So, as I mentioned, you don’t have the same assistance the G20 people did so make good use of the help you can get.  A good real estate lawyer and a professional house inspector.  Both will reduce the negative impact of home ownership.  Also troll the internet for useful stuff to understand the problems people face and what some of the solutions are.  Make sure you double-check the solutions and get professional advice on them as we all know – home remedies aren’t necessarily the best in the long run.  I sometimes think Mattamy uses home remedies based on the fact they can’t seem to fix things right. 

 I know from my own experience and from reading points like the following:

“I have several pictures of mold behind the vapor barrier in my 2-year-old home. When I pointed it out to Mattamy, they said they would fix the issues with the vapor barrier. They have tried to paint my pillars out front 3 times and botched it up all 3 times…. No way would I let them anywhere near this issue. I researched the problem and fixed it properly. “

 

So, on a used house don’t just depend on the SPIS and, on a new house, please don’t depend on the builder to really be up front with you.  The experience I and others have had with Mattamy only proves the point. 

Grading article:

Lot grading not done yet ?? Then read this.

by Andy Shaw – March 9th 2010.

Proper lot grading is vital for the long term health of your home. Often, during year end warranty inspections I find lot grading issues that are difficult to repair. Plus, builders often dump gravel between homes before the grading ( swale ) is done properly. These problems contribute to chronic moisture conditions caused by water leakage and dampness through the basement foundation walls. This can also contribute to sump pump failures, sewer backups, ponding on your lot, and foundation settlement issues.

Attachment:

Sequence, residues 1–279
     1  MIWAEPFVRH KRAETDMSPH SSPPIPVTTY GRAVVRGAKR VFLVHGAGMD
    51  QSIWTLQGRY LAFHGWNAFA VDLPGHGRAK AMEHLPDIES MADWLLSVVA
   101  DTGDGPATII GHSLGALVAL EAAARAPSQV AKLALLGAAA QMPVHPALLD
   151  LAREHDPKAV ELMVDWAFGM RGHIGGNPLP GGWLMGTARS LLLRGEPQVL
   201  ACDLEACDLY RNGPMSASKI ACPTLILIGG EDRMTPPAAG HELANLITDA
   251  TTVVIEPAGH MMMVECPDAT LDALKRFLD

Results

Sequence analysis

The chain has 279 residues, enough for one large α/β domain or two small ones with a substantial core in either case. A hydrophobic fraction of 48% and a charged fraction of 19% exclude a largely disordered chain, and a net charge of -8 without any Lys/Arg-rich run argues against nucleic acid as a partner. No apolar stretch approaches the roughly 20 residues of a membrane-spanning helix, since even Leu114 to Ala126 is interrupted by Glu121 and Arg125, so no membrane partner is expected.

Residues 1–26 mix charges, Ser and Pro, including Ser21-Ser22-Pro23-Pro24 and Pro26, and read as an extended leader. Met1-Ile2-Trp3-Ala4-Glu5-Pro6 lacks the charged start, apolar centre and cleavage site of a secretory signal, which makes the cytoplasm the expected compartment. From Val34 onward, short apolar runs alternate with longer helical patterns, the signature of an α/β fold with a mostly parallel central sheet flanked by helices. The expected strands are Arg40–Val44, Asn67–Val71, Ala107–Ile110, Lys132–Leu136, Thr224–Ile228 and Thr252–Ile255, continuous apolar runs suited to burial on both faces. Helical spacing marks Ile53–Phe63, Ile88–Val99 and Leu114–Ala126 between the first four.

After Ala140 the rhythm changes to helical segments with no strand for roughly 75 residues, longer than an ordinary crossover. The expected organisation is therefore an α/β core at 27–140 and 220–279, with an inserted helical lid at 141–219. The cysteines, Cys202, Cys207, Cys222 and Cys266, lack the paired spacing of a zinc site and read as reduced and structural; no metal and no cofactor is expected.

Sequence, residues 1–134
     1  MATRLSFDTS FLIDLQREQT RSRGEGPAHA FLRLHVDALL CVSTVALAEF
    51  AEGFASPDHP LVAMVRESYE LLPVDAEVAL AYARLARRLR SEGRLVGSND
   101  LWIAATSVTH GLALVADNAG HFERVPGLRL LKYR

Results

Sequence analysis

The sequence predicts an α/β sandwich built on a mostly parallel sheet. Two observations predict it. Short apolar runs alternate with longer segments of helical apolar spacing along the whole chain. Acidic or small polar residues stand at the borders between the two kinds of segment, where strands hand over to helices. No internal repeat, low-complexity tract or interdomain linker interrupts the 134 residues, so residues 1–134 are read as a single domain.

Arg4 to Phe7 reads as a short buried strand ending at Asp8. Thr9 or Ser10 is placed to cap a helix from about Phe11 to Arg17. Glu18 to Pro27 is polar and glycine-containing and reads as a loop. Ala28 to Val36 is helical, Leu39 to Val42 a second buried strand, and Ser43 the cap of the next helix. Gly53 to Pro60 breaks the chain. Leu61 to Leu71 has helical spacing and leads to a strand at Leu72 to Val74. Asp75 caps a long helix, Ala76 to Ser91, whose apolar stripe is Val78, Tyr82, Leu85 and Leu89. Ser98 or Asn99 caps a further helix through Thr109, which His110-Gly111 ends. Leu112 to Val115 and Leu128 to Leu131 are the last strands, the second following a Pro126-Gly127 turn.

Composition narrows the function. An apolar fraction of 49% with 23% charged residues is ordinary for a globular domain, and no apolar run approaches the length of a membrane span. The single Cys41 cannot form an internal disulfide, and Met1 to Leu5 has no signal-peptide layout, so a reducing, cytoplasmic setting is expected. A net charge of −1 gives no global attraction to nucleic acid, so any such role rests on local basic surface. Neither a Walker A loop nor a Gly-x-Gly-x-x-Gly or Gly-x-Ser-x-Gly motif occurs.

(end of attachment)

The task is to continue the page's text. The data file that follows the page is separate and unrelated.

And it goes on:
The basics are simple. The lot grade must always slope away from your home without negatively effecting the adjacent home. In between homes, there must be a V-shaped “swale” that directs water away from both homes to the front or to the rear of the home. This V-shaped “swale” must be well defined before the gravel is placed between the homes.

As well, the Ontario Building Code requires that your foundation must extend not less than 150 mm or 5 7/8 inches above finished ground level. This keeps siding, bricks, stucco and other similar materials above grade.

Often during inspections the slope of the lot grading is towards the house, yet only a few inches of foundation is visible above grade. This creates a huge problem because the simple fix, adding soil near the house and sloping the lot away from the house, is now not possible. In cases like this the whole yard should be re-graded to fix the problem.

All I can say is this –

1) Don’t allow your builder to dump gravel between your homes unless there is a well defined V-shaped swale directing water away from both homes towards the front or rear of the lot.

2) Don’t allow your builder to lay sod down unless you can see that the lot is graded in a way that will direct water away from your home without negatively effecting other homes.

3) Don’t allow your builder to grade too high up on your foundation wall. You must be able to visually see a minimum 5 3/4 inches of your foundation walls.

4) Before your builder installs the window wells, confirm that the weeping tile ( a black pipe full of gravel ) is exposed and under each basement window.

5) Don’t have your A/C systems installed until after the lot grading has been done. This will interfere with the people doing the lot grading and create a low area under and around the A/C unit.

Andy Shaw – 905 876 4761
Halton Home Inspection Service

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1 Comment »

  1. Great website and great information. You are very knowledgeable about this topic and i can’t wait until we come back and visit your website again!

    Comment by jason — July 14, 2010 @ 9:49 pm | Reply